Grunther spells out these simple steps to begin dream interpretation. First, get a small notebook that you will devote only to recording your dreams. This will be your dream journal. Put it, as well as a pen that works and a light source, within easy reach of the bed. Then each night before you go to sleep, state your desire to receive a dream. This intention develops dream awareness and recall. (Grunther says it took him five days to start noticing dreams and begin recording them.) Whenever you awaken with the images of a dream, immediately describe it in your journal as completely as possible; record the date. If you can’t devote much time at that moment, jot down a few notes and write more fully later—but soon. You won’t remember details of even the most stunning dreams without notes.
Simply recording dreams may stir insights about yourself and your life. Grunther cites these key principles about dreams as tools of self-knowing: All dreams, including nightmares, come in the service of health and wholeness, not of evil. All dreams have multiple meanings, as do all the images within a dream. Literal interpretations of dreams weaken their power; dreams are not literal stories. All dreams are unique to the dreamer yet carry messages that are universal. And by all means, Grunther says, seek dream books (but recall that dream dictionaries are of limited value), websites, magazines, dream specialists, workshops, and dream groups to enrich your discoveries.
Lucid dreaming is another approach to dreams. Perry Harris, a “dream yogi” in Chester, has been a lucid dreamer for nearly 30 years and has studied extensively; he is completing an update of his book, Wake Up Through Dreaming, which is part autobiography, part teaching tool to help people “open their inner eye” and interact with the images in their dreams.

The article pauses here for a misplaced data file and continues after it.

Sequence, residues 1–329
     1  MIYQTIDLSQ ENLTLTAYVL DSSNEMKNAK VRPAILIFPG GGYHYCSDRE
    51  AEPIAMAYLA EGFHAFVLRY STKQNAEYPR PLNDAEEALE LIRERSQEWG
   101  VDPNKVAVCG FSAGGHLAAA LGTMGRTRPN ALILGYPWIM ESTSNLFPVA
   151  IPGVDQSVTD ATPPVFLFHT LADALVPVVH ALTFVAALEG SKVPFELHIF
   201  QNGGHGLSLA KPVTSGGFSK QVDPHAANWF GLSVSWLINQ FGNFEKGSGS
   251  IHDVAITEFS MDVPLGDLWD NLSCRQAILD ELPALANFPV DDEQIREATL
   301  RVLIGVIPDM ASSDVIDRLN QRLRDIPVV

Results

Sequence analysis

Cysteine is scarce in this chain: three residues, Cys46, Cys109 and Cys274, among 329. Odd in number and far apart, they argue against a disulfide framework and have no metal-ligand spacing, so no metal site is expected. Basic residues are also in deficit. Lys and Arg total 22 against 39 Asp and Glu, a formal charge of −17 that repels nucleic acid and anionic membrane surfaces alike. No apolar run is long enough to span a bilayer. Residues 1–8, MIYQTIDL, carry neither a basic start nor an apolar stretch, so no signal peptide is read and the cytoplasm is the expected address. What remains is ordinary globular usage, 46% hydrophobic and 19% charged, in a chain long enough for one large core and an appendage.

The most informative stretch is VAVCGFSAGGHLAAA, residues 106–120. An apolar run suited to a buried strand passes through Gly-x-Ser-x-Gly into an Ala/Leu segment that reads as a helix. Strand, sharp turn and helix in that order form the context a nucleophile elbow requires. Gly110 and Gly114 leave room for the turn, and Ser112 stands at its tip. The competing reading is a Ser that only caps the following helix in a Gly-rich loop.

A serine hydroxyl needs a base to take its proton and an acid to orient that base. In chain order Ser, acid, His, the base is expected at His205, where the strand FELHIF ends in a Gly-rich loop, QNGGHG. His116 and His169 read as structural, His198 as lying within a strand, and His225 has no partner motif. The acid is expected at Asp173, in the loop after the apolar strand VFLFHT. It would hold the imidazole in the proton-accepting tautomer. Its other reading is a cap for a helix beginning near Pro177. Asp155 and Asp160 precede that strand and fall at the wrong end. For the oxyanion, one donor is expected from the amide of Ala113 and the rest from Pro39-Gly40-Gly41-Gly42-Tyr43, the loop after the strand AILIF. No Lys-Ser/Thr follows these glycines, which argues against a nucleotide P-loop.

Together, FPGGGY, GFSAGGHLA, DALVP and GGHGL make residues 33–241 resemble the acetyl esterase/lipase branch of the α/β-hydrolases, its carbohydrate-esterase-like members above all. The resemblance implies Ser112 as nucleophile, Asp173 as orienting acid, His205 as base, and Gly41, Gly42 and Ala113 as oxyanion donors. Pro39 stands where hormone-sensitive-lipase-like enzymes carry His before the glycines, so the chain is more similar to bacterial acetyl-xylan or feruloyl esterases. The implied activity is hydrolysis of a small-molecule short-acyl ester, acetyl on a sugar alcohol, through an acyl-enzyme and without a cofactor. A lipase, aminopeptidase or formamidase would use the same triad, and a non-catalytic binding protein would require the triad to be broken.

Harris became interested in dreaming when he took up yoga and read that “when we dream, we think it’s real, and when we’re in waking reality, we think that’s real—both are totally believable.” The Carlos Castaneda books, especially The Art of Dreaming, fueled his curiosity.
Lucid dreaming, Harris explains, “is a great opportunity for self-healing. The idea is to be in the dream with your volition, so you have a piece of the same consciousness as in waking reality. That opens up many doors. You can face your fears. And I believe that illnesses actually start out in your subconscious. If you have a healthy dream reality, you’ll be healthy in waking reality. You can work within the dream world to heal, before problems are manifested in physical reality.”
You can explore lucid dreaming by keeping a journal of your dreams. Then, with practice, stating an intention before you fall asleep to show up in your dream should eventually pay off and allow you to interact with your dream world. (Naps are a good place to start.) Say you’re going through a spell of disturbing dreams where someone is pursuing you for no clear reason; you’re always one step ahead of harm and terrified. Instead of simply awakening with the trauma of this dream, you could face the pursuer and ask what’s going on. It may not actually be a threat but a message relevant to an important choice in life.
You can even resolve issues that might take years to accomplish by other methods, says Harris. Whereas psychiatry takes dreams as clues to issues and then works on them in waking reality—sometimes a very long process—with lucid dreaming, “you go back to the dream world and work on it there. You can get immediate results.” Further, Harris strongly holds that “as we wake up through dreaming, we are becoming more conscious, and creating a better world.”
Consider getting to know your dream world. It’s a resource of vast richness beyond, yes, your wildest dreams.